Take Control - Slaves
By Laura Vale
Slaves have returned with their second album Take Control only a year after their last release Are You Satisfied?, which blew them up in the music world. As a result, its had high expectations for many following the success of their last record, with critics and punk fans alike ready and waiting for more angst ridden, anti-establishment fury. This album has to prove that they are in the game and here to stay.
The album starts with a huge track, "Spit it Out", which immediately sets the tone from the opening passage - "Sucking on a sour sweet, blisters on your tongue / Sucking on a sour sweet, sitting on your thumb" - further pulling you in by the collar with a running bass-line. The duo scream and shout with astounding anger and passion, and straight away you can tell that there is a promise of greatness that will be delivered in the remaining 15 tracks. Though it's a relatively basic beat, with repetitive "spit it out" chants, it's power to keep you gripped throughout is immense.
The record moves onto "Hypnotised", which starts with a heavily distorted bass-line and sounds very much like early Sex Pistols material with the pace of a Bad Brains classic. The resulting picture painted is one of a dark and dingy nightclub filled with mobs of moshing, sweaty individuals dancing without rhyme or reason ."Consume or be Consumed" is a lot slower, but heavier and dirtier nonetheless, even featuring a cameo from Beastie Boys' Mike D. The verses are lyrical but remain prevalent, with a rap style that adds a little extra spice to the song, making up for the lack of pace that Slaves are generally accustomed to.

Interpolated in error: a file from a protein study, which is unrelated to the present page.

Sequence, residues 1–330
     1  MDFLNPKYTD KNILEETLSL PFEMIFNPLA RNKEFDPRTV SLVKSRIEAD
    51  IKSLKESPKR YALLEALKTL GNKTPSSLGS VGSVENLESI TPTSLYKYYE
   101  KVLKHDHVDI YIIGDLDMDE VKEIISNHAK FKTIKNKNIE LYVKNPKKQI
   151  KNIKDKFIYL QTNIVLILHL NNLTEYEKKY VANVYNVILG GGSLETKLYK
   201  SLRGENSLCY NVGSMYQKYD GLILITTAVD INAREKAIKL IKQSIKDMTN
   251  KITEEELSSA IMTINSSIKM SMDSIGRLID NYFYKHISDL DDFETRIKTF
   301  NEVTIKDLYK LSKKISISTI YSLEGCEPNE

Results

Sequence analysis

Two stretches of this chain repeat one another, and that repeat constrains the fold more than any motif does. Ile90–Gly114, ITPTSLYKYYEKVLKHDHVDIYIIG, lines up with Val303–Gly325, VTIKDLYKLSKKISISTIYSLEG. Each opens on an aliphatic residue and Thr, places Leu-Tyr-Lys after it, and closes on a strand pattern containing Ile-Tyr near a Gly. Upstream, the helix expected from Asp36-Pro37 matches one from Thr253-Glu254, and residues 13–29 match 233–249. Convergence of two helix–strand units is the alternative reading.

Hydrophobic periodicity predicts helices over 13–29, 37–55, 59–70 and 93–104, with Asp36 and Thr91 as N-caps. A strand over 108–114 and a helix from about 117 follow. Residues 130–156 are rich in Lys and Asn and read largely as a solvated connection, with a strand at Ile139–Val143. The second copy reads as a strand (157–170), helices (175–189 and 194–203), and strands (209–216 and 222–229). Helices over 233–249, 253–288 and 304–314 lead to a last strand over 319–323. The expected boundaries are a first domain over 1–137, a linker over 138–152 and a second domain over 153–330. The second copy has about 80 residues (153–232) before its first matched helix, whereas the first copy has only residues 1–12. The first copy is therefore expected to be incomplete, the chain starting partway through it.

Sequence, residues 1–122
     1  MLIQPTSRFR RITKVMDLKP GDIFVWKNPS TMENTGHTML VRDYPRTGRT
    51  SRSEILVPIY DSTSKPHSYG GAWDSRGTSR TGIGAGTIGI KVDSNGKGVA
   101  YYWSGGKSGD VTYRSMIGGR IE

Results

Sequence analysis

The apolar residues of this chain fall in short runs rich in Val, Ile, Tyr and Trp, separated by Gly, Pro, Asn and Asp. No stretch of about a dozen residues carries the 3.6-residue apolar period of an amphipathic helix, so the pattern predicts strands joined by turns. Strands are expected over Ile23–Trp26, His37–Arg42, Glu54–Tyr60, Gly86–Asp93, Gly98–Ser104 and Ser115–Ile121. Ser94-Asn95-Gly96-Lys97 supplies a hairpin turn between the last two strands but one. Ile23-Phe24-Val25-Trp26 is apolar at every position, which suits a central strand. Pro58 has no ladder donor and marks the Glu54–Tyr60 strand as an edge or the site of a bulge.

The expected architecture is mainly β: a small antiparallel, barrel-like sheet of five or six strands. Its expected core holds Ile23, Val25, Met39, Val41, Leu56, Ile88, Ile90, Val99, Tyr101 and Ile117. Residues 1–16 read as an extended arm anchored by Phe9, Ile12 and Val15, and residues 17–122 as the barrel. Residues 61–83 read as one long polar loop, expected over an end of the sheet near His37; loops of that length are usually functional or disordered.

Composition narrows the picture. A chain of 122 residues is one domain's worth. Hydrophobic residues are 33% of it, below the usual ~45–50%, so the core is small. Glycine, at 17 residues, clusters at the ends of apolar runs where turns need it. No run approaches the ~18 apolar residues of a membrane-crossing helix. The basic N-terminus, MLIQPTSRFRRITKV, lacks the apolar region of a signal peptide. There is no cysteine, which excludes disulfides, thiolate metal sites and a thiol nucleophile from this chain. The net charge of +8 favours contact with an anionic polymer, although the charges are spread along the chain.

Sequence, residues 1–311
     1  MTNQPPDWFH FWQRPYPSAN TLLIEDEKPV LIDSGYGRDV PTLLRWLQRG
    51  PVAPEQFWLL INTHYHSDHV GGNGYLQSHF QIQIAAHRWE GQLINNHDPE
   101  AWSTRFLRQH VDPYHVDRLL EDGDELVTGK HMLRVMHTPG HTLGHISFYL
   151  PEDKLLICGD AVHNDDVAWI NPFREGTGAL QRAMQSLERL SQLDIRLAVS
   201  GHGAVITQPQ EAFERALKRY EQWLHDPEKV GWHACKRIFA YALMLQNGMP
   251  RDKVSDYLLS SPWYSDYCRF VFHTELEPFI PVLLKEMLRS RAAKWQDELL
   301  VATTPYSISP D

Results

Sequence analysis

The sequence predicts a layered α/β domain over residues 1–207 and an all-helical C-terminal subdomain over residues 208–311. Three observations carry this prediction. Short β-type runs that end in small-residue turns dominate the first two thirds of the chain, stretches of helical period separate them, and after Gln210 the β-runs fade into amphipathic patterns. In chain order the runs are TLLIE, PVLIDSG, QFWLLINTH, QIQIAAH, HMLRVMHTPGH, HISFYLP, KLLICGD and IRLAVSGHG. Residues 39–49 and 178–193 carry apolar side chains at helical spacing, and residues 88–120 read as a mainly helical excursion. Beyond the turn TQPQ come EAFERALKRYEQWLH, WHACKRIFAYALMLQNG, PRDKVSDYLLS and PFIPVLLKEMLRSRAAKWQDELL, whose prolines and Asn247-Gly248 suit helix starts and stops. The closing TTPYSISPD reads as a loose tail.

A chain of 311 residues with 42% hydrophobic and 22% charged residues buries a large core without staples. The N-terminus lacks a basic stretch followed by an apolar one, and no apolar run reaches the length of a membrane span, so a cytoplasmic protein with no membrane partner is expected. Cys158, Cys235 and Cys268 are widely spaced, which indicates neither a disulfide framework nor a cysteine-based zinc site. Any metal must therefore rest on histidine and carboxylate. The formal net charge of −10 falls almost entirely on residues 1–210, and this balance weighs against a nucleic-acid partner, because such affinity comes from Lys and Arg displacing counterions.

The albums title track "Take Control" starts off in a familiarly Slaves manner with an ever poignant guitar riff and thumping drum beat that delivers alongside the shouts of "take control". "Lies" has a softer and more traditional rock feel to it than a punk vibe, and is reminiscent of early Maccabees material, which, although is not typical of the band, still has the makings of a standout track. Follower "People That You Meet" is a mixture of blues and punk, but it works to broaden their sound further than the preceding number. The most colourful track however, "Steer Clear", is the most disparate of them all, made evident by a computer-generated drum-machine foundation and, despite it also being one of the more gentle tracks on the record, it's a seemingly curious number and sounds like an early 80s tunes, reminiscent of something put out by Joy Division.
Generally the record is solid, and is evocative of a band that have been making records for years, which, for Slaves' only second studio full-length, is impressive. Though, the one "mistake" with having a lengthy 16 tracks on the album, is that many of the songs do appear seemingly dense and repetitive in stages and, thus, can become slightly monotonous at points - but it must be mentioned that Slaves' knack for making the most of the four chords that embody each track is unrivalled, which is ultimately what sets the apart. In spite of their repetition, the album is fuelled by wonderful lyricism, and the creation of characters means that there are deep and wonderful stories behind each song. Slaves demand respect for bringing back punk and bringing it back so damn well. This album delivers what we hoped and then some, and it's exciting to see where the boys are headed next.